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Review: John 3:1-8


  • U Gotta Pope? According to Catholic tradition, Jesus commissioned Peter to lead the early church as God’s authoritative representative. As such, one of the Pope’s most important (and dangerous) roles is serving as Catholicism’s official interpreter of the Bible. As Protestants, we recognize that the office of Pope is not a biblical office and that it is the responsibility of all Christians, individually and corporately, to rightly interpret the Bible. Despite that fact, when we uncritically sit under a teacher or a preacher who is walking us through the Bible, we — in affect — entrust to that teacher authority to interpret the Bible for us.
  • Moral of the Story: Remember the Bereans [Acts 17:10-12]? They were taught by Paul — you may have heard of him — but, despite that fact, they still examined all of his teaching to be certain that what he taught about Jesus fit with Old Testament Scriptures. Be like the Bereans, develop a healthy Berean critical eye and ear when it comes to sitting under the teaching of anybody.

Nicodemus (v.1-2)

  • Who was he? Pharisee, a ruling member of the Sanhedrin (he has hot stuff)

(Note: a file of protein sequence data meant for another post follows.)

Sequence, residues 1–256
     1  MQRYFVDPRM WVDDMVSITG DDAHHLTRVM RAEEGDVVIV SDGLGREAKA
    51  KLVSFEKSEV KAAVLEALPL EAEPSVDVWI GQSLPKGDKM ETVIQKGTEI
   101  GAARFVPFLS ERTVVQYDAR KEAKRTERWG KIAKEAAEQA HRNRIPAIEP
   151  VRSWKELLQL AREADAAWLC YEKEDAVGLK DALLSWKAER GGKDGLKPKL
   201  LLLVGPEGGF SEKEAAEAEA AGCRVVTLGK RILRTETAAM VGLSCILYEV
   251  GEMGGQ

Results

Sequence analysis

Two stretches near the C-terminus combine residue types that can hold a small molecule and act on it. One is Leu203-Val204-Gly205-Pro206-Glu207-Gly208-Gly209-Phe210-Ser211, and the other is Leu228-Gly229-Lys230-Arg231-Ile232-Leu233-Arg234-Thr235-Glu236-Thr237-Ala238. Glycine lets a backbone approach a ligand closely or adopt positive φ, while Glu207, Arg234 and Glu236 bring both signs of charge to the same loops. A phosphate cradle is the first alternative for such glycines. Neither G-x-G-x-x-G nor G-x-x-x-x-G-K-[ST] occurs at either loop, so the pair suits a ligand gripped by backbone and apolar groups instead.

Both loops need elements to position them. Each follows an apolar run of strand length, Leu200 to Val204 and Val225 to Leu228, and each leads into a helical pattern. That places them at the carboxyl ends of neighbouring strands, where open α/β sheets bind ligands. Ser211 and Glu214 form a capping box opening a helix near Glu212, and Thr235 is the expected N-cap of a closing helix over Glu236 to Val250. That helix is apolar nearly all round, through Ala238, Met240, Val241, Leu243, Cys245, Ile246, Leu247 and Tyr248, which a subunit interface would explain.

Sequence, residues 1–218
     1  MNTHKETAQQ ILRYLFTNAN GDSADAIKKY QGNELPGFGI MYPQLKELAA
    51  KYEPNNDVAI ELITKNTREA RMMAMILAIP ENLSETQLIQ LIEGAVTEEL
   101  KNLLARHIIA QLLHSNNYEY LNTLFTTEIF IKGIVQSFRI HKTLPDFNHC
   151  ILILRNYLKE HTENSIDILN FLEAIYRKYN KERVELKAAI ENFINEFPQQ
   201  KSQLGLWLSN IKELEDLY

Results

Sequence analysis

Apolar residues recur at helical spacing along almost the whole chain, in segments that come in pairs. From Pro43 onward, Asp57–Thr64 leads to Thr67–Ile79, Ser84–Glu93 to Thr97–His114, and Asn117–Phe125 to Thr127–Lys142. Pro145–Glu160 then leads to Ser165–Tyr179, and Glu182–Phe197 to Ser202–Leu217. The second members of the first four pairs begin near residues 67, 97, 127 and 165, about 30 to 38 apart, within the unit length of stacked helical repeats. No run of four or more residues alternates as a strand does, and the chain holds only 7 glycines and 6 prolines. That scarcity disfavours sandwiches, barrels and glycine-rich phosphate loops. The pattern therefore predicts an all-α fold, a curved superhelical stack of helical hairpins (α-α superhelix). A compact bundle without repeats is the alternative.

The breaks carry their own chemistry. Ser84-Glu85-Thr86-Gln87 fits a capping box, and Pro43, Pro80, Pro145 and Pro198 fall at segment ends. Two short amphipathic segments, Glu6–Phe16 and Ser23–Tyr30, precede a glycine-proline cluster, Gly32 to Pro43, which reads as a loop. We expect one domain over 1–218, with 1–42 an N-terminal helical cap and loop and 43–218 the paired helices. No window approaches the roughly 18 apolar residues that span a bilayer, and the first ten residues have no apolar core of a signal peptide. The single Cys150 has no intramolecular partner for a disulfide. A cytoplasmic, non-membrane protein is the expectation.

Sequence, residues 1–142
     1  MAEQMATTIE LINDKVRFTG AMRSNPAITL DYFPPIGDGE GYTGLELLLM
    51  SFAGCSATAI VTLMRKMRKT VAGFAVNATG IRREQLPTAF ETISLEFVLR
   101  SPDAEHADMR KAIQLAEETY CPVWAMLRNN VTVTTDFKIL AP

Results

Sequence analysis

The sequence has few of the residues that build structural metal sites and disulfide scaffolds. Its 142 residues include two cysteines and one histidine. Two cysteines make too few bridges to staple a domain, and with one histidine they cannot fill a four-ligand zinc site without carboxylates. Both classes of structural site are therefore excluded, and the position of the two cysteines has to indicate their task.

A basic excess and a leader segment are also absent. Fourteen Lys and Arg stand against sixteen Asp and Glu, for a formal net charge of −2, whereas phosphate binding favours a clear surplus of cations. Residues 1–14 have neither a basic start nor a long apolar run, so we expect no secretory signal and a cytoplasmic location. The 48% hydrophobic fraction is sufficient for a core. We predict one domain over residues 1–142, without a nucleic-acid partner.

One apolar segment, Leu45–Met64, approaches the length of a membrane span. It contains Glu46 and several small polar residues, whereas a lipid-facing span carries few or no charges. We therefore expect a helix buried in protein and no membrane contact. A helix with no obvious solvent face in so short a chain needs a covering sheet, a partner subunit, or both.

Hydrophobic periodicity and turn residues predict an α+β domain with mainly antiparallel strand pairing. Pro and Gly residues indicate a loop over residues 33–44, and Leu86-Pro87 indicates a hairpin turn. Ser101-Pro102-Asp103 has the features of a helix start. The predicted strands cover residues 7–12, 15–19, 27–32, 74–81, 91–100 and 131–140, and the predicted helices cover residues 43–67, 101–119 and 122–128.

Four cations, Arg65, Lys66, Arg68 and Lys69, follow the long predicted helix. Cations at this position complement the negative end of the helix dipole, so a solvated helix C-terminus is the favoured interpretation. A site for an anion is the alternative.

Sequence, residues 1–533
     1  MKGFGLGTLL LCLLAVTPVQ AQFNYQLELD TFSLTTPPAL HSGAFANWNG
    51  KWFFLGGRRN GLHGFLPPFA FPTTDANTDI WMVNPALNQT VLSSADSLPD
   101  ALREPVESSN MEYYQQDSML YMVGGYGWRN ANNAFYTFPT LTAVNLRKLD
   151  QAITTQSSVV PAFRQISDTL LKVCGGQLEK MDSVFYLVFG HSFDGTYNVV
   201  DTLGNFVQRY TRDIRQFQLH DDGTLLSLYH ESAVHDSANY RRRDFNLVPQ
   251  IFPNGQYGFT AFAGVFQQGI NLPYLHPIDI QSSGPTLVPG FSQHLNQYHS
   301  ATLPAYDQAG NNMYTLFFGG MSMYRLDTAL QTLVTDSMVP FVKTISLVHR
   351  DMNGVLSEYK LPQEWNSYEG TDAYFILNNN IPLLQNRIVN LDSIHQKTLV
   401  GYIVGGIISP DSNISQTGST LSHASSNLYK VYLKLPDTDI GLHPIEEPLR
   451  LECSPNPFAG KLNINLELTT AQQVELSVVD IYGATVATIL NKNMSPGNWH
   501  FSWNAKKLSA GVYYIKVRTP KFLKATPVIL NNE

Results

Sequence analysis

• Why did he come to Jesus at night? Perhaps so his visit would be hidden by the cover of darkness, or maybe so he could have more time to talk to Jesus — who was quickly becoming known as a worker of miracles
  • Was Nic sincere in his statement to Jesus (v.2)? His curiosity is obvious but, it would also appear that the Spirit might be at work in him — according to [John 7:50, 9:39] — but the Bible doesn’t tell us everything that is going on with Nic)
  • Did Nicodemus become a follower of Jesus? Perhaps this is the beginning stages of Nic turning to Jesus and believing that he is Lord. Maybe the wind was blowing as Jesus taught Nic and, in the two passages listed above, we can see the grass moving, the results of the Spirit at work (v.8)

Jesus Schools the ‘Teacher of Israel’ (v.3-8)

  • Jesus doesn’t Mince Words: “Nicodemus, thanks for the compliment, but just so you know, your entrance into the Kingdom of God is not a lock, you must be born twice to enter the kingdom”
  • Hard Words: Jesus was a brilliant teacher (Matt. 12:38-42 actually says Jesus is wiser than Solomon). His usual way of teaching was to take an object or a simple scenario connected to common everyday life (and, not infrequently, pulled from the Old Testament). It was easy to understand Jesus’ teaching on an earthly level, but it was much harder to understand the application Jesus made of the earthly thing to the heavenly thing. Why did Jesus chose to teach using a method that is simultaneously quite simple and surprisingly hard to understand? According to [Matt. 13: 10-17] Jesus intentionally taught in this way so that some, who were graciously blessed with the ability to understand, would get it while others, whose ears and eyes were sealed by their sinfulness, would not.